I had reason to get into two of my ponds a couple of days ago. In one, the pipe that connects to the fish fountain had come disconnected probably because I had installed a 6000 gph pump greatly increasing the water pressure. The only way to reconnect was to literally get in the water as the fountain stands in the middle of the pond.

The ponds plants have taken over because nothing died back following our frost free winter and also helped by the fact that I decided to let things grow. I have not done any pruning or cutting back, this year at all. The entry into the pond that I specifically built is so full of Taro leaves and other plants that there is no way into the water without tearing the place up. I didn’t want to do that so had to devise another way to get in.

I went to the opposite end where the skimmer and pump are located and figured that if I put a couple of boards over the skimmer box, I could use it to gain entry into the pond. This I did and hooked the pipe back up to the fish fountain, this time wiring it together in the hope of it staying there longer.  While I was in the pond and as is my usual practice, I cleaned the pond bottom of as much junk and leaves that I could find. When I turned the water back on (I always shut off the pumps when I get into the ponds as a safety precaution) , the water streamed out a good three feet in front of the fountain, something it has never done before. As I mentioned, the new pump was putting out a lot of water and this was the first time it had been hooked to the fountain. Very impressive.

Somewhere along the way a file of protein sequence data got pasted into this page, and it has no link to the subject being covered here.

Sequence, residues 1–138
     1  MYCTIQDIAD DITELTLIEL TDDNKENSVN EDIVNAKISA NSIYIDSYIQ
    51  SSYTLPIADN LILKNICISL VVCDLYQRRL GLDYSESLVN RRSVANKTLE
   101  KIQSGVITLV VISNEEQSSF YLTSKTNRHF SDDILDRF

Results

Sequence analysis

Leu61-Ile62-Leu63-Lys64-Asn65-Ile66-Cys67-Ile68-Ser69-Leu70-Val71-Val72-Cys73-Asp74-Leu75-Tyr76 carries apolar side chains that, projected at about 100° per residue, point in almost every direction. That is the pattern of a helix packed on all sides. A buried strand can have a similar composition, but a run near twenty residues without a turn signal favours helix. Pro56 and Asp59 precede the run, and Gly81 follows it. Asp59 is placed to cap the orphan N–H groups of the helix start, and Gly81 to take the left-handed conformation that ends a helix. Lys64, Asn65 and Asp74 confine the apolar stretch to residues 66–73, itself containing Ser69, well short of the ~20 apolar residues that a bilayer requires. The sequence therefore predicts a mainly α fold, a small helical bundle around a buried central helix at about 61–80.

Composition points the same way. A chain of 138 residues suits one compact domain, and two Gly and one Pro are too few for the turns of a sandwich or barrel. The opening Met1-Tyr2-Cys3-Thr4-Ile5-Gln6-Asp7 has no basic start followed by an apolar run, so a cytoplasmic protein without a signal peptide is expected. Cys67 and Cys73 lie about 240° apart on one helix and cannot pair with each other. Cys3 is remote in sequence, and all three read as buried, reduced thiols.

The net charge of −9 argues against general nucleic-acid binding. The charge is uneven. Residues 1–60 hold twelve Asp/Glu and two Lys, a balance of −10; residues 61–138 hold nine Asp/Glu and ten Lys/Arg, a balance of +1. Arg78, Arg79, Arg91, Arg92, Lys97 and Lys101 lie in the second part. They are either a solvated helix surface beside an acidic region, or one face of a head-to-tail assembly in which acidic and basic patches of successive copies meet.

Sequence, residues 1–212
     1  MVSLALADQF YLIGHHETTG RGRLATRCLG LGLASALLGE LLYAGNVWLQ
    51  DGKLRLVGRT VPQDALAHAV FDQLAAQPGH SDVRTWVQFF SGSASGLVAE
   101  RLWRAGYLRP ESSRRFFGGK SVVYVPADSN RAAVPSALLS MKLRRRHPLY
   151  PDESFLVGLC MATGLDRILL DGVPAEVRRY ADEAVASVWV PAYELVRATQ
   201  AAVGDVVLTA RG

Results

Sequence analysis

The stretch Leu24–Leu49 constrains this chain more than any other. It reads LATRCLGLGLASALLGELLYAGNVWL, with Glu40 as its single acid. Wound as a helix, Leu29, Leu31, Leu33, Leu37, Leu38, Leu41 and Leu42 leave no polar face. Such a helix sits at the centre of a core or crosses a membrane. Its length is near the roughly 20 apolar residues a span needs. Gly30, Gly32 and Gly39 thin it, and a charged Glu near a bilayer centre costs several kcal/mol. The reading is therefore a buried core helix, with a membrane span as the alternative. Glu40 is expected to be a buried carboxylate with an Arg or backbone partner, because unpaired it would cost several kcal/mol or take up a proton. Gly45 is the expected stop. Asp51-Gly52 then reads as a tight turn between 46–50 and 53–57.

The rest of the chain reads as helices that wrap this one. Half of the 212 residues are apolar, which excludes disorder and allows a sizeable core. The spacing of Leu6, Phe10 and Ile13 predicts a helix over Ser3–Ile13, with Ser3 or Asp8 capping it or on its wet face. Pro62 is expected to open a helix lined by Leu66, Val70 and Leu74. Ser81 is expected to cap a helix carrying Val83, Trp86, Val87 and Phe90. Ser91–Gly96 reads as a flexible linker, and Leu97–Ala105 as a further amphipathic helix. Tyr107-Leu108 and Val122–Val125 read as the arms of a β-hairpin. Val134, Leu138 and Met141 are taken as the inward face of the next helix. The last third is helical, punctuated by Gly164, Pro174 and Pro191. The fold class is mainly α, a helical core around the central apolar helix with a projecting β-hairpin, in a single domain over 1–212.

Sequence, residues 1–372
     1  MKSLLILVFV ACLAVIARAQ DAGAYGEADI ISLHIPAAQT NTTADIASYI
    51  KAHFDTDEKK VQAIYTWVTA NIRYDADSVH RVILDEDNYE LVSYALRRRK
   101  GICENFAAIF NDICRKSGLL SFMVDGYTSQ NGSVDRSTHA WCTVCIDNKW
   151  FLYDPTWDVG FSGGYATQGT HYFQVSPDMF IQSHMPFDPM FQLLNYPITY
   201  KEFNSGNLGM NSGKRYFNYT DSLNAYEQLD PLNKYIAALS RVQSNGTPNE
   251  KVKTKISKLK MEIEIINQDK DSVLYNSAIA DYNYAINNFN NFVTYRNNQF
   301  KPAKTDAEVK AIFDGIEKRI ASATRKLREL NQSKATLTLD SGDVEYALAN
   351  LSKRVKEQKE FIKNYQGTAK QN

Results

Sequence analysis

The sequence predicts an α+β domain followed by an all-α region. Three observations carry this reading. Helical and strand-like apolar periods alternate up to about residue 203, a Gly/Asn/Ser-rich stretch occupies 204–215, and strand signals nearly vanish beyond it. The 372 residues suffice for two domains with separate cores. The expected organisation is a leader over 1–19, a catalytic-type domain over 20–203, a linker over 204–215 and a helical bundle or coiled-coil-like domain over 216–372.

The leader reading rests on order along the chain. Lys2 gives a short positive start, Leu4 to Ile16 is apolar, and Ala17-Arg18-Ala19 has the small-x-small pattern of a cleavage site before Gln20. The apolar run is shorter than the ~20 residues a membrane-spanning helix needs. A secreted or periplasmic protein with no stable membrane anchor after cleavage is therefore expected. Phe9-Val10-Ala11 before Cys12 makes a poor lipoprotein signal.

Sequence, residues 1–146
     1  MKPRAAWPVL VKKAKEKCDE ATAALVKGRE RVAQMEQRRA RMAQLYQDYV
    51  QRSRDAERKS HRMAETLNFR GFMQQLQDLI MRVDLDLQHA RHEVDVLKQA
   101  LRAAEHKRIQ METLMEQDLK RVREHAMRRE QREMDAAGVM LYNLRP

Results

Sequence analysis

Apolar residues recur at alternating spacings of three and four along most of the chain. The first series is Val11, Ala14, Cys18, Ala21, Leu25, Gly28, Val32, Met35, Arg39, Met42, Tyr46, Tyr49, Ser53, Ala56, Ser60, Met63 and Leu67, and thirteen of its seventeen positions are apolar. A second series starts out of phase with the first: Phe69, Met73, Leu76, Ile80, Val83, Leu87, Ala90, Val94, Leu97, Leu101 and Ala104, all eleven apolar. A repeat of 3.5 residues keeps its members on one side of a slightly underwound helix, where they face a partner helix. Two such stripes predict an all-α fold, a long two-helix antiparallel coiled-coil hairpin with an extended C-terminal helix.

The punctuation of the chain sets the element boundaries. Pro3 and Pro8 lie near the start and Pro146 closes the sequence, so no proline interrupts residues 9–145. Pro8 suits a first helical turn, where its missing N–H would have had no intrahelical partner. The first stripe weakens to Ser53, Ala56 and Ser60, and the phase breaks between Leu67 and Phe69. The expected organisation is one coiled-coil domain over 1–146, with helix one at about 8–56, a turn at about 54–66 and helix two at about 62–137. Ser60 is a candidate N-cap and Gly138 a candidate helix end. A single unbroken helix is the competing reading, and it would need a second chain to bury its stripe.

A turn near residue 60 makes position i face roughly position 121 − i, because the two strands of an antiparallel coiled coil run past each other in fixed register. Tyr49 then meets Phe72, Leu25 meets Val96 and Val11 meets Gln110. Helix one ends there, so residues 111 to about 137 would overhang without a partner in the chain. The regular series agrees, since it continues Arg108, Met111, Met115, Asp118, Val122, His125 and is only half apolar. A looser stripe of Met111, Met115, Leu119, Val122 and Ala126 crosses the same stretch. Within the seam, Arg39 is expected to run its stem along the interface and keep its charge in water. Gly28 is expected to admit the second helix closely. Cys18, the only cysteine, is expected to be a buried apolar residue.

The frog statue showing how far the new pump can throw the water.

I went over to the first pond by the deck and tried to think of everything I needed to do in this pond and before I got into it, had all of the pots and tools lined up.  My reason for getting into it in the first place was to try to upright a Taro plant that had slipped over. This one had grown very tall, taller than me which is not saying much, probably close to six feet. I also wanted to take the opportunity to clean out the pond which I always do if I have to get in them.

Compared to the first pond I had been in, this one turned into a comedy of errors. I didn’t have any trouble getting in and out of this pond as it is not so deep as the first one except in the middle. I walked over to the Taro plant wondering what on earth I was walking on. Instead of a hard surface under my feet, it was soft and mushy and all kinds of thoughts started racing through my head. Dead fish, dead plants, mud, pea gravel, maybe even a dead Heron as I had not seen my visitor from another world for several months.

I dipped my cleaning net into the water and brought up the first net full which turned out to be nothing worse than mud and pea gravel from the pots that the big Koi had managed to tip over or washed out with their tails. I had originally built  a couple of “tables” in the pond comprising of concrete blocks stacked three high with a weighted plastic shelf made out of garage storage shelves. The “tables” have been in the pond for probably twenty years or even longer and normally have pond plants in pots standing on them, the Taro plant being one of them. One table was still intact but the one that had the Taro standing on it had collapsed which is of course why the Taro had fallen over.